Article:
CNN reports on how “[t]he issue of forced abortions — and in some cases, forced sterilizations — in China has seized the spotlight in recent days with news of escaped activist Chen Guangcheng,” who “rose to fame in the late 1990s because of his advocacy for what he calls victims of abusive practices, such as forced abortions, by Chinese family planning officials.” China’s so-called “one-child policy has been blamed for abuses,” the news service reports. The news service writes, “In some cases, advocates say, fetuses identified as female are aborted, … abandoned, left to die or raised as orphans,” as “Chinese traditionally prefer boys over girls.” CNN describes several reports from women’s health advocates working in China of women undergoing forced abortion and sterilization; a report from the Congressional-Executive Commission on China, “created by Congress to monitor human rights and the rule of law in China”; and the State Department’s 2009 Human Rights Report, the news service notes.
In a post on USAID’s “IMPACTblog,” Amanda Makulec of John Snow Inc. describes the Helping Babies Breathe (HBB) initiative, which was developed “to equip birth attendants in developing countries with the skills they need to successfully resuscitate babies born without the ability to breathe on their own.” She continues, “[I]t was the power of the Global Development Alliance (GDA) model — public-private partnership on a global scale — that dramatically expanded access to newborn resuscitation in remote health facilities and communities in 34 countries within 18 months of the launch of the partnership … by leveraging the commitment, resources, and support of a diverse group of program implementers, NGOs, private sector organizations, government institutions, U.N. agencies, professional associations to enable the rapid roll out of the intervention globally” (4/30).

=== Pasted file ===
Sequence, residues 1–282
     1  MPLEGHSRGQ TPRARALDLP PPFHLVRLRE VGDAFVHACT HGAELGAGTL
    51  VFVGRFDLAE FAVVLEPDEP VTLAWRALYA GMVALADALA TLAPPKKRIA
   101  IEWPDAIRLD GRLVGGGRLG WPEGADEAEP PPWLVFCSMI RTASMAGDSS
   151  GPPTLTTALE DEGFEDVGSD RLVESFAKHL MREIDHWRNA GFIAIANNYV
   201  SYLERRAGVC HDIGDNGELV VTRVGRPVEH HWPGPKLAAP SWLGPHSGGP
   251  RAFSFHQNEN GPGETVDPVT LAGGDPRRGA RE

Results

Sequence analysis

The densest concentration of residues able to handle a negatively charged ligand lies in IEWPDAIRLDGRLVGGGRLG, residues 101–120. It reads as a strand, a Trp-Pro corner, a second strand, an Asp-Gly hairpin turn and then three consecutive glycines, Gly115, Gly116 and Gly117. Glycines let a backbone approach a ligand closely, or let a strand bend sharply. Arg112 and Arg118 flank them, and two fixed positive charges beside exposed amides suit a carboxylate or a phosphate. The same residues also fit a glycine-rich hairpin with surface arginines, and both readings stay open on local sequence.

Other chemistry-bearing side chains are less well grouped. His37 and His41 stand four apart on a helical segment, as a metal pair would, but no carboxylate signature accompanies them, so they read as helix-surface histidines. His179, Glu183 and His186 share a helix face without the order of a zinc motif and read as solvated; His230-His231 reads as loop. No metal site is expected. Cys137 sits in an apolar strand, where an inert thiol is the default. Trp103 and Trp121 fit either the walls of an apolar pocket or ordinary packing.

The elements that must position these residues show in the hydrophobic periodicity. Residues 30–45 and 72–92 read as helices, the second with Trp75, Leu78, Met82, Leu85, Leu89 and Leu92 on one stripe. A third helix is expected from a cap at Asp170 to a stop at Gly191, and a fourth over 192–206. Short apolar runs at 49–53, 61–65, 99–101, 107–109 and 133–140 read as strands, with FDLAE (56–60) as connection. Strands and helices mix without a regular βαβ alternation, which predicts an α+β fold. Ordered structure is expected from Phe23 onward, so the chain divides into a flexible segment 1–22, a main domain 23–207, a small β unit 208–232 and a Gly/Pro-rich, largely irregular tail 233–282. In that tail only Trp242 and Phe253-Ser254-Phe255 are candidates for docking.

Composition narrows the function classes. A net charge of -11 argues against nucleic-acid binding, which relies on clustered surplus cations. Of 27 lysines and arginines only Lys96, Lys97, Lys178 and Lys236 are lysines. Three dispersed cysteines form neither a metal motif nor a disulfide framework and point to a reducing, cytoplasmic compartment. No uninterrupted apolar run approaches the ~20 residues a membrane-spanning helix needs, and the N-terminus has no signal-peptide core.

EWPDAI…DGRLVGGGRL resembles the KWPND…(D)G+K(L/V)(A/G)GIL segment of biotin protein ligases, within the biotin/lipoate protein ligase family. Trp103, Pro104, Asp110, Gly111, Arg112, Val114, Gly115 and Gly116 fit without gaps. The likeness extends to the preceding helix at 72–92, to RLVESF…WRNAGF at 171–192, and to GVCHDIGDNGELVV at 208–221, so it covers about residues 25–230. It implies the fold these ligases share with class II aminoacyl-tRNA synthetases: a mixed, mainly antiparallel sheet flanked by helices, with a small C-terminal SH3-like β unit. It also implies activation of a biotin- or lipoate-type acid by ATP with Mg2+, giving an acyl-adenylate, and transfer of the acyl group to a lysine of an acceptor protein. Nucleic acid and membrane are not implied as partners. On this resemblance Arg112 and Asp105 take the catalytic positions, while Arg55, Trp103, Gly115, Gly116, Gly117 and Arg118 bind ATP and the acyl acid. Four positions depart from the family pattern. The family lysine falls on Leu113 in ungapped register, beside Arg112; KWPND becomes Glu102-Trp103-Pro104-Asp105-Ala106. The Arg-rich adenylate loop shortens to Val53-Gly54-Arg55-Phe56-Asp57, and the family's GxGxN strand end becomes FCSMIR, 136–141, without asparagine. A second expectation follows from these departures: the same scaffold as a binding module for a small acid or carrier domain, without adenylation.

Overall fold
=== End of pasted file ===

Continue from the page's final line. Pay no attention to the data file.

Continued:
“Each year, nearly 400,000 children are born with HIV globally, and prevention of mother-to-child transmission (PMTCT) is a particular challenge in sub-Saharan Africa, an area characterized by weak health systems,” U.S. Global AIDS Coordinator Ambassador Eric Goosby writes in the State Department “DipNote” blog. “Last year PEPFAR and UNAIDS joined with other partners to launch the Global Plan, an initiative to eliminate new HIV infections among children and keep their mothers alive,” Goosby writes and reflects on a two-day mission to Nigeria with UNAIDS Executive Director Michel Sidibe last week. He concludes, “Preventing new HIV infections in children is a smart investment that saves lives, and the United States is proud to partner with Nigeria and other countries in this cause” (4/30).